You do realize your fooling with a man of tha Cloth don't you?
Steve
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Old 05-09-2009, 06:00 AM   #32
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... I see from the chart that you already know what the returns will be in June and July of 09 - Could I please have a copy of that program?
Sorry, the program is proprietary. However, subscriptions to my newsletter are available here if you are interested.
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Old 05-09-2009, 07:08 AM   #33
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My retirement fund all time high was also in Oct 2007, although I came very, very close to it again in May 2008. In early March 2009 the portfolio was down 40% from that all time high.

As of now it is down only 25% from that all time high.


Audrey
Pretty much the same here. Hard for me to 'feel' in the green.
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Old 05-09-2009, 07:10 AM   #34
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I computed my monthly portfolio averages since July and tried to display in a similar way to REWahoo's graph.

You can see similar shapes in the ups and downs during that period. But look at what a difference the income from working (no withdrawals from my portfolio), and adding to my TSP (the only additions to my portfolio during this time) made. It softened the declines, and is a visual reminder of how much tougher this recession has been for retirees than for us wannabes. I think our asset allocation is roughly the same - - mine is 45:55 with 30% Wellesley, and I think his is not much different.

The top graph is REWahoo's, and the bottom graph is mine. I tried to make the "pseudo-units" on the vertical axis about the same for the present.
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File Type: jpg portfolio2.jpg (16.0 KB, 85 views)
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Old 05-09-2009, 07:11 AM   #35
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Originally Posted by REWahoo View Post
Here is a chart showing our monthly portfolio value since I retired four years ago (the gridlines are oddball for those of you who might be trying to decipher actual amounts ). Investment gains/losses are muddy since we've lived entirely off the portfolio prior to starting SS in February.

In March of 09 we were down 29% from where we started, 37% from the high in June of 07. As of today we are down 20% from when I retired - an amount roughly equal to our expenses over the past four years.

I can't claim to feel "Grrrrrrrrrrrrrreat!", but at least I no longer feet "Baaaaaaaaaad"!
We need some $ numbers along the side of that chart.
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Old 05-09-2009, 07:43 AM   #36
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It softened the declines, and is a visual reminder of how much tougher this recession has been for retirees than for us wannabes.
Watching the trend line from the Fall of 2007 through March of 2009 was an "interesting" experience - one I'd prefer to forgo for the next two or three decades...
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Old 05-09-2009, 07:53 AM   #37
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Watching the trend line from the Fall of 2007 through March of 2009 was an "interesting" experience - one I'd prefer to forgo for the next two or three decades...
I sincerely and fervently hope that you don't ever have that "interesting" experience again! Especially since I would have to experience it as a retiree as well, if it is after November 9th.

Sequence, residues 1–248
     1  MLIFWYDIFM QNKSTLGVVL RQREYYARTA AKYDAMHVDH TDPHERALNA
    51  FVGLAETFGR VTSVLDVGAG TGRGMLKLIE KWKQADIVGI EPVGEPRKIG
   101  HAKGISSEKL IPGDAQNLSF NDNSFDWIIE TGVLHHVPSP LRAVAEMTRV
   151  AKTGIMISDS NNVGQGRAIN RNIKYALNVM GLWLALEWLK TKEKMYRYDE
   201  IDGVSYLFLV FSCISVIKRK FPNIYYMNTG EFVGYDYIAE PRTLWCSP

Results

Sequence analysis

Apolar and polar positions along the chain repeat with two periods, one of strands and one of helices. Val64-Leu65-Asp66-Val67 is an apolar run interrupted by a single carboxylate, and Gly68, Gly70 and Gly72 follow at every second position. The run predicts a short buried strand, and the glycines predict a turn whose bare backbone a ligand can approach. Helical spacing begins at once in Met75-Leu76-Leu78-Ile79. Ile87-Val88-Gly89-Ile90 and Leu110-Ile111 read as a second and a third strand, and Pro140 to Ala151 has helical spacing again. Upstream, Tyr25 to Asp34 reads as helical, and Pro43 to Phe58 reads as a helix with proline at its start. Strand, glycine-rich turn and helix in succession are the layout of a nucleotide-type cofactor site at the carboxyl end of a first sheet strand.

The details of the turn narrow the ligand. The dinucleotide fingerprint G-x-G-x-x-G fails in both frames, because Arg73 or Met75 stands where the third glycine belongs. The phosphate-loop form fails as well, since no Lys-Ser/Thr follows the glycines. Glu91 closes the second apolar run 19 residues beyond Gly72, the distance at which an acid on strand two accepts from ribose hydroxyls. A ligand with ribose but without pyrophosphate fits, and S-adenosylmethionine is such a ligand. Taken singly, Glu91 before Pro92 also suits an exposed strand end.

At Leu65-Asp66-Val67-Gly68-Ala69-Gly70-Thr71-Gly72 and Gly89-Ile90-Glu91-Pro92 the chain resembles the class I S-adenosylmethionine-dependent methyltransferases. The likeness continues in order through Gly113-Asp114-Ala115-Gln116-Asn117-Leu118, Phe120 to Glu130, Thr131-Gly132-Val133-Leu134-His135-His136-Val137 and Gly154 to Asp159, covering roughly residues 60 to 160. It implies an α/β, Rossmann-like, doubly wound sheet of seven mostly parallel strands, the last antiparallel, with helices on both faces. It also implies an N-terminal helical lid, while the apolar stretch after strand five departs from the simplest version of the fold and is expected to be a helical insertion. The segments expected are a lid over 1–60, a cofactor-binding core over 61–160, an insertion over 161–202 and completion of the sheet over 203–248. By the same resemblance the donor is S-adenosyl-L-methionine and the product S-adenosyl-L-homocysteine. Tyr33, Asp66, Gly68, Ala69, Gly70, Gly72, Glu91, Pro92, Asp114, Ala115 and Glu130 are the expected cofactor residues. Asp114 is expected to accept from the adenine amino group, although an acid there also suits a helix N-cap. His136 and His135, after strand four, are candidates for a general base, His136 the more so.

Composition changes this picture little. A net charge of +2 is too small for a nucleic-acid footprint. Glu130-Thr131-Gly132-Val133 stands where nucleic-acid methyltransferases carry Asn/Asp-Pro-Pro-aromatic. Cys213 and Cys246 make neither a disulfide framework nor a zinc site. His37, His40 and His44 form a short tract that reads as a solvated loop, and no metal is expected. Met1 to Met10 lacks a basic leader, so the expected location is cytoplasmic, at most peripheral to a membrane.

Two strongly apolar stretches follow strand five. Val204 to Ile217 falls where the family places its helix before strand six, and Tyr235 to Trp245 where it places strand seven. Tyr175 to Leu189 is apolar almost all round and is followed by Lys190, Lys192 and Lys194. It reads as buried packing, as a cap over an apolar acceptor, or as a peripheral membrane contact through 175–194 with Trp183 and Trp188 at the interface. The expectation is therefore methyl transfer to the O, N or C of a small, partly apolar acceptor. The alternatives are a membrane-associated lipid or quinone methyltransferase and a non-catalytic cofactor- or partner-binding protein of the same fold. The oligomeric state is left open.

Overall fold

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Old 05-09-2009, 08:13 AM   #38
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Pretty much the same here. Hard for me to 'feel' in the green.
In Oct 20007 when the portfolio was 62% above where we started in 1999, I was feeling very, very flush. So it's hard to feel that bad now that we're only 25% from that number, especially as we were below where we started retirement only two months ago!

I guess I have been psychologically prepared for it to take many years to return to that all-time-high peak of Oct 2007. In the mean time I've got lots of living to do.

Audrey
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Old 05-09-2009, 02:25 PM   #39
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Gee! RW and W2R, your graphs are so flat I would think you have been making mountains out of molehills. When I get a chance to graph it, will show you mine.

Basically, from March 2000 to March 2003, I lost 50% due to a tech-heavy portfolio. Then, from March 2003 to Oct 2007, triple my portfolio by abandoning tech stocks to get into utilities, healthcare, mining, fertilizer, energy related stocks, etc... Currently, at 24% below that Oct 07 high, due to going from 70% equities to 30%, then back to 50% currently. Would have lost much more if I kept the same stocks I did in Oct 07.

Now, that's a white-knuckle roller coaster ride that I hope to learn to smooth out, or better yet to convert to a climbing staircase shape.


PS. I never buy stocks on margin. In fact, I am never more than 70% in equities. Having little bonds, the rest I keep in Cash + MM + CD + I-bonds.
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Old 05-09-2009, 03:06 PM   #40
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Gee! RW and W2R, your graphs are so flat I would think you have been making mountains out of molehills.
From about 2004-2006 my asset allocation was 100% equities, so I know what you mean. I did pretty well in that bull market but couldn't handle that level of risk any more.

I have to admit that the last year has been a wonderful test of risk tolerance. I guess my asset allocation worked out OK for now since I was scared to death but didn't sell low. But then, my risk with this AA is less while I am still working than it will be next year, after ER.